How Credit Ratings Affect Refinancing

Alas, very few of us can claim perfect credit ratings. At Home Refinance we work with people every day whose credit ratings range from mediocre to highly damaged. It’s best to start out with awareness of what your credit rating is and how it will affect the refinancing process.

Lenders typically place potential borrowers into a credit risk category. Here are the categories along with an explanation of the characteristics that determine which one you are placed in.

If you find yourself in a less-than-perfect credit category, don’t despair. The majority of people have blemishes of some kind on their credit history. And most people can successfully refinance their home. Give us a call anytime, and we’ll explain how to successfully navigate the refinance process no matter what your credit rating may be.
‘A’ Credit — This borrower has perfect credit, adequate income, and the required down payment. If the borrower lacks one of these features, an excess in one of the other areas can compensate. For example, if a borrower’s income is modest, a large down payment could compensate. A blemish on the borrower’s credit report can be overlooked if the borrower can explain the problem as due to a job transition, medical issue or some other acceptable excuse.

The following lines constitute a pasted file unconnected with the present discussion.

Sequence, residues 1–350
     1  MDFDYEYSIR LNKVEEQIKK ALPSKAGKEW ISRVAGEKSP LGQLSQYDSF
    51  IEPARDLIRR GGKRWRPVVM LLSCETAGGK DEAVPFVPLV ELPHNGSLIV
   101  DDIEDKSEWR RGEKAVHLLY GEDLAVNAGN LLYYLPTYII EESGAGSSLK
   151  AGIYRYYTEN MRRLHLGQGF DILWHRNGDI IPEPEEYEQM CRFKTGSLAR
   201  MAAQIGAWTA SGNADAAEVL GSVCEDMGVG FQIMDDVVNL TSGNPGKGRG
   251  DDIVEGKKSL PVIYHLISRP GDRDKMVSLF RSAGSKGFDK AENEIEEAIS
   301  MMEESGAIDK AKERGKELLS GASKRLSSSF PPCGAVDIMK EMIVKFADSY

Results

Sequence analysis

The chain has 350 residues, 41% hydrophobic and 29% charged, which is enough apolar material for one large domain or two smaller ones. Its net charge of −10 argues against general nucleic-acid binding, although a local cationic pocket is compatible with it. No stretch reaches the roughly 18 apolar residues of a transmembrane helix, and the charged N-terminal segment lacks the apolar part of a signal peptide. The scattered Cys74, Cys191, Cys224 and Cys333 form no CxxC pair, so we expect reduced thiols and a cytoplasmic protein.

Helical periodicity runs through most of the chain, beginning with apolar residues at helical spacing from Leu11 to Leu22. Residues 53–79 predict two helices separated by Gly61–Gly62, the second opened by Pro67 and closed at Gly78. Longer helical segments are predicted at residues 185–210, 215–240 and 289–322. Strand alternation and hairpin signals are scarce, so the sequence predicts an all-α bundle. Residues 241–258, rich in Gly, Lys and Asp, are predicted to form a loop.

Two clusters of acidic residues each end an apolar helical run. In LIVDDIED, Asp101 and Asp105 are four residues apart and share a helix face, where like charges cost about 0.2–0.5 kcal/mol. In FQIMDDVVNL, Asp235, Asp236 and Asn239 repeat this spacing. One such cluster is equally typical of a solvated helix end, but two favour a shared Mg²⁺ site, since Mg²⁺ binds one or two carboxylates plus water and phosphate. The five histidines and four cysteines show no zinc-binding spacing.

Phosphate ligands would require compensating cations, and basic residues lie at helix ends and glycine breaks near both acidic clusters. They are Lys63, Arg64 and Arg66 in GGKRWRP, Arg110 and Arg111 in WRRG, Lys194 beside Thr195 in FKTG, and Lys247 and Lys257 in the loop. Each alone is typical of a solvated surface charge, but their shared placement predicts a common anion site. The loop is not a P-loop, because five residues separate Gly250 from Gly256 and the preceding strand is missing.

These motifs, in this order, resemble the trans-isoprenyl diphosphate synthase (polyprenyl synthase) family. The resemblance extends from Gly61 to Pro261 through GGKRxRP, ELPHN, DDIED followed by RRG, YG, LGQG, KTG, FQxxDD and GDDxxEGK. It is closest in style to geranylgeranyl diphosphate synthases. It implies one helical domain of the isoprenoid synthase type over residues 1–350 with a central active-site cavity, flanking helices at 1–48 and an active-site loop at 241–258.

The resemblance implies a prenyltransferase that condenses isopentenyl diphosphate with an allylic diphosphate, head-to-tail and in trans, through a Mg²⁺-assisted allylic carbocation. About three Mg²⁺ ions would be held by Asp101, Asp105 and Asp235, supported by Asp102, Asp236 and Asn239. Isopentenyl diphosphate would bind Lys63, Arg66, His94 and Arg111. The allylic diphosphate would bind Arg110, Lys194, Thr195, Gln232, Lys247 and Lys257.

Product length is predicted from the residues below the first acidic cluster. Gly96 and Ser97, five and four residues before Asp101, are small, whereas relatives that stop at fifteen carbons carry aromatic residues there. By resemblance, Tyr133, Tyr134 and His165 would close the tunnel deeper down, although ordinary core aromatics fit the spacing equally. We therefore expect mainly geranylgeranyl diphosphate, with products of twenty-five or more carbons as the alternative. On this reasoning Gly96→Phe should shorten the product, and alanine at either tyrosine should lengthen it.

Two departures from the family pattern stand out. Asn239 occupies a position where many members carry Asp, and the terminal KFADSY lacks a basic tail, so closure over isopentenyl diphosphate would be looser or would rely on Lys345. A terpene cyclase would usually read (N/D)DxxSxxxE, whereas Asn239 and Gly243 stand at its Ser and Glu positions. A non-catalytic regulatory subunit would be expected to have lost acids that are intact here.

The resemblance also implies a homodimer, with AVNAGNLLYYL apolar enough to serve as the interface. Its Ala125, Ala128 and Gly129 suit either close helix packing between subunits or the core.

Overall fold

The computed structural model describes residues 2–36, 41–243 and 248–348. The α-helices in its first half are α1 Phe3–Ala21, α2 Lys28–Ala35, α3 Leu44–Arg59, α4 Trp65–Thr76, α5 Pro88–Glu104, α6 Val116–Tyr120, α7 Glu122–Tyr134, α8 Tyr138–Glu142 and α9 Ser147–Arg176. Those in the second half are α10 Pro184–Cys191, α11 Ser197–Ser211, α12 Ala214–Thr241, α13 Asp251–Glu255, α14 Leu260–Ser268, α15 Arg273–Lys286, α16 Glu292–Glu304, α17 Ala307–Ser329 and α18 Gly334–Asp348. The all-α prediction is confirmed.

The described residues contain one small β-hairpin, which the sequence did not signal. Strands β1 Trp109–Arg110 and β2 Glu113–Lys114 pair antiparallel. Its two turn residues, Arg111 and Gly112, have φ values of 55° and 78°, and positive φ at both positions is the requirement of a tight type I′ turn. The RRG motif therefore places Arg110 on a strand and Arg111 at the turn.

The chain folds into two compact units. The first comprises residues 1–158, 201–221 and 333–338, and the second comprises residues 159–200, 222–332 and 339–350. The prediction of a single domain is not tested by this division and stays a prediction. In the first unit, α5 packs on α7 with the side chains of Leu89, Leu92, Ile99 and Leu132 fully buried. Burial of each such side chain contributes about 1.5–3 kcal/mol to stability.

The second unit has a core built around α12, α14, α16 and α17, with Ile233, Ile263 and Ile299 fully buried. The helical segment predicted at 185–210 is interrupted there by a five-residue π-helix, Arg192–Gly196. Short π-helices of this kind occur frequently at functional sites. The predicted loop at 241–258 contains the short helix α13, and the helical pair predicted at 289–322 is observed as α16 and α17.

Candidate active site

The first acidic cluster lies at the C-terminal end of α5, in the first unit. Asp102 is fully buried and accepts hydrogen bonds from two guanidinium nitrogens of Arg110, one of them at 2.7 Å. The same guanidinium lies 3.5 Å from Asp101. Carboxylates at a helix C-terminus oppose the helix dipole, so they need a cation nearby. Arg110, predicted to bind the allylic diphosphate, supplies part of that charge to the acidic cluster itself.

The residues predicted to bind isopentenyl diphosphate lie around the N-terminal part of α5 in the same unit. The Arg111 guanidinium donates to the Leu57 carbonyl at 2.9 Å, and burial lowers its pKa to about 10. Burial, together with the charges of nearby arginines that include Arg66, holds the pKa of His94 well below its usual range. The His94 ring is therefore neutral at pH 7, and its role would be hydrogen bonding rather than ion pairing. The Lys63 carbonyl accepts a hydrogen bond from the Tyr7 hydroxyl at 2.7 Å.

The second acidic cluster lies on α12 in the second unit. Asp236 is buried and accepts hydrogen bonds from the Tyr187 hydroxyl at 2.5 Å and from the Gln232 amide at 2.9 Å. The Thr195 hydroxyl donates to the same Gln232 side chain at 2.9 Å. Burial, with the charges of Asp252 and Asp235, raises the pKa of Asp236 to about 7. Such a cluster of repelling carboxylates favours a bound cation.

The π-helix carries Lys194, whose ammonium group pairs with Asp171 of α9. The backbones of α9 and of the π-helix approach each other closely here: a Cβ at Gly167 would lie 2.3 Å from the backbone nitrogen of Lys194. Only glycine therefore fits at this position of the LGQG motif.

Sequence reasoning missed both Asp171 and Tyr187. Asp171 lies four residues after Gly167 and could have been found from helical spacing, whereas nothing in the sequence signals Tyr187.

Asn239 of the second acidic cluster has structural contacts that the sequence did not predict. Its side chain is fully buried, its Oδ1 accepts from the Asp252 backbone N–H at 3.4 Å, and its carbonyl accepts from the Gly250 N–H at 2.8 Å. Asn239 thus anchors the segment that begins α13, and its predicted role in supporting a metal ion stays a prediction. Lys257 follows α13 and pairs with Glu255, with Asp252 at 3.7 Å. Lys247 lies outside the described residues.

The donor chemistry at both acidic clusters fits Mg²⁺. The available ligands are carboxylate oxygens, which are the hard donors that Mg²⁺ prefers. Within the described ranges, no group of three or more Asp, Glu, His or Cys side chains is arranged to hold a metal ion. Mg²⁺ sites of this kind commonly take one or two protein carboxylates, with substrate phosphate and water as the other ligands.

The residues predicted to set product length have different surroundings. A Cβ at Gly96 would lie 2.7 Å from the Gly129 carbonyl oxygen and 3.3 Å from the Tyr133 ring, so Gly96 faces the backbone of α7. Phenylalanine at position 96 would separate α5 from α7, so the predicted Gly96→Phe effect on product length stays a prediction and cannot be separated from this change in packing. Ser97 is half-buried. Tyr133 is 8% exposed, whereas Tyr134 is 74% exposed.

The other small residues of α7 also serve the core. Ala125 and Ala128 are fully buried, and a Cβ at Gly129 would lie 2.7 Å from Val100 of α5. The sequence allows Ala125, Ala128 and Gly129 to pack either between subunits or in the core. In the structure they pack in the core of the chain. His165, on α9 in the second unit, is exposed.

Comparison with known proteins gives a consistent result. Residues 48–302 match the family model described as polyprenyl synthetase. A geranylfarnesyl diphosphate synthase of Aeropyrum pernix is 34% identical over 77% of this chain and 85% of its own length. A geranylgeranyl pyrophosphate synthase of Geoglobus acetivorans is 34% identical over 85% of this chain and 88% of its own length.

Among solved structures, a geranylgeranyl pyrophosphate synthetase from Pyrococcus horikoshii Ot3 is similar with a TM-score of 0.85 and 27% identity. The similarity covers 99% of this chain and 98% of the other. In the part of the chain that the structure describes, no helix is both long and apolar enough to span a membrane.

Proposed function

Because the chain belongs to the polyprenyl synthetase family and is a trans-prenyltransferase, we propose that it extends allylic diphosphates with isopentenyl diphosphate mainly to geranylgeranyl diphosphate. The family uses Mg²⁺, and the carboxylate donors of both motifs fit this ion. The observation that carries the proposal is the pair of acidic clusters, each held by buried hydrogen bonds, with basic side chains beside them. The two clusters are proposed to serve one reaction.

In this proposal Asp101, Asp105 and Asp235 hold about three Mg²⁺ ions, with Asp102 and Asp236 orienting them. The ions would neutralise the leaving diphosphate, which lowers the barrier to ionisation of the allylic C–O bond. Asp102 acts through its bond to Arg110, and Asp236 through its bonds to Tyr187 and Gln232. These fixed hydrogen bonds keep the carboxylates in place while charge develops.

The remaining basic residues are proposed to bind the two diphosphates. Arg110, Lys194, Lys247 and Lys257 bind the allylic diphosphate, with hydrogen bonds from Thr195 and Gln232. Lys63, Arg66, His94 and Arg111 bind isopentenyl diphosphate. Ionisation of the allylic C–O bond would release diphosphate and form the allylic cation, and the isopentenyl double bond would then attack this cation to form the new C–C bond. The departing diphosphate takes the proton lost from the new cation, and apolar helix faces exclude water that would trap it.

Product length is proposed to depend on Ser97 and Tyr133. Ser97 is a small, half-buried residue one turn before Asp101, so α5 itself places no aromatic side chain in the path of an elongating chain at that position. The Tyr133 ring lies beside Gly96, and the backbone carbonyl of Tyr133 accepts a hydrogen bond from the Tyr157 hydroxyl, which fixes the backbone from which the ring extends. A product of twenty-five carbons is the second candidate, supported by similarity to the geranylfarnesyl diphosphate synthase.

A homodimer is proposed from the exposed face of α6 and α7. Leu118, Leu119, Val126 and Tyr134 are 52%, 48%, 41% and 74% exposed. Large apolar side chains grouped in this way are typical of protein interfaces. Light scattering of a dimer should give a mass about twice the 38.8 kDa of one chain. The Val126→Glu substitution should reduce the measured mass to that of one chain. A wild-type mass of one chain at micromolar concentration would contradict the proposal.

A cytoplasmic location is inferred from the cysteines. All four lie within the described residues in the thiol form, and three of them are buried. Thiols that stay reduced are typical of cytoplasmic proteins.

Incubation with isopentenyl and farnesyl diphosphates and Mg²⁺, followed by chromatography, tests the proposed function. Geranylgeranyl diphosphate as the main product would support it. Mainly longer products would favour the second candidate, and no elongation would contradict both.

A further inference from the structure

A’ Minus Credit — Inclusion in this category means you are allowed a maximum of two late payments of 30 days or one late payment of 60 days. One collection account for a past-due bill of less than $500 is accepted. Medical bills are normally disregarded.

B’ Credit — This category allows up to four late payments of 30 days, or two late payments of 60 days. One late payment of 90 days is allowed within the last year. Collection accounts for less than $1000 are accepted. However, any outstanding collection accounts under four years old must be paid off. A bankruptcy or foreclosure which was settled before the previous 18 months is allowed.

‘C’ Credit — To obtain this credit category you may have no more than six late payments of 30 days each, three late payments of 60 days each, or two late payments of 90 days each. Open collection accounts may not exceed $4000 and must be paid off in full. A bankruptcy or foreclosure settled previous to the last year is allowed.

D’ Credit — In this category, the credit record will show repeated failure to make payments on time. Any open collections accounts or judgments must be paid off through loan proceeds. A bankruptcy or foreclosure prior to the last six months is allowed, as long as mortgage payments have not been more than 90 days overdue.

Top